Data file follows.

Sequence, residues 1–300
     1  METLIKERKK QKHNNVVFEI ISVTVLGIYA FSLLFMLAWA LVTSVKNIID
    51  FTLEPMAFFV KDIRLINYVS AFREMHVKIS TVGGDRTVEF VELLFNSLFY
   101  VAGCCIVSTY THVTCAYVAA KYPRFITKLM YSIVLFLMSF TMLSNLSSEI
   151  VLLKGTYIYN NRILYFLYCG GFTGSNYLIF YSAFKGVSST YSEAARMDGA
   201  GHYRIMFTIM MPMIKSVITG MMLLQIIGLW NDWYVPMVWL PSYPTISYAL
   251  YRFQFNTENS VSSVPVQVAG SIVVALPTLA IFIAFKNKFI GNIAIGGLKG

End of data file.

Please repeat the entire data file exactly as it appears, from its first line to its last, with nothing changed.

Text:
Sequence, residues 1–300
     1  METLIKERKK QKHNNVVFEI ISVTVLGIYA FSLLFMLAWA LVTSVKNIID
    51  FTLEPMAFFV KDIRLINYVS AFREMHVKIS TVGGDRTVEF VELLFNSLFY
   101  VAGCCIVSTY THVTCAYVAA KYPRFITKLM YSIVLFLMSF TMLSNLSSEI
   151  VLLKGTYIYN NRILYFLYCG GFTGSNYLIF YSAFKGVSST YSEAARMDGA
   201  GHYRIMFTIM MPMIKSVITG MMLLQIIGLW NDWYVPMVWL PSYPTISYAL
   251  YRFQFNTENS VSSVPVQVAG SIVVALPTLA IFIAFKNKFI GNIAIGGLKG